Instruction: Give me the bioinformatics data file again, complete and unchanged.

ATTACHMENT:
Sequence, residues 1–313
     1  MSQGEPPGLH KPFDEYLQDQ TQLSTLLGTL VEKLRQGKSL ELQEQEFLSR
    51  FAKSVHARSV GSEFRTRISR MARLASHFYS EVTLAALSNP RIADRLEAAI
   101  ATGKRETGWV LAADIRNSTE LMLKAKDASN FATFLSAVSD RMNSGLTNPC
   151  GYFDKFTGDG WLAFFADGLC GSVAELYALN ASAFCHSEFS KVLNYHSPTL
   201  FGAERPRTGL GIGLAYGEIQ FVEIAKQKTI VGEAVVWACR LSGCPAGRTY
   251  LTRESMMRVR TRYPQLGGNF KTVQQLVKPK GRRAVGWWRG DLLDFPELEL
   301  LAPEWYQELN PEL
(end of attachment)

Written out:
Sequence, residues 1–313
     1  MSQGEPPGLH KPFDEYLQDQ TQLSTLLGTL VEKLRQGKSL ELQEQEFLSR
    51  FAKSVHARSV GSEFRTRISR MARLASHFYS EVTLAALSNP RIADRLEAAI
   101  ATGKRETGWV LAADIRNSTE LMLKAKDASN FATFLSAVSD RMNSGLTNPC
   151  GYFDKFTGDG WLAFFADGLC GSVAELYALN ASAFCHSEFS KVLNYHSPTL
   201  FGAERPRTGL GIGLAYGEIQ FVEIAKQKTI VGEAVVWACR LSGCPAGRTY
   251  LTRESMMRVR TRYPQLGGNF KTVQQLVKPK GRRAVGWWRG DLLDFPELEL
   301  LAPEWYQELN PEL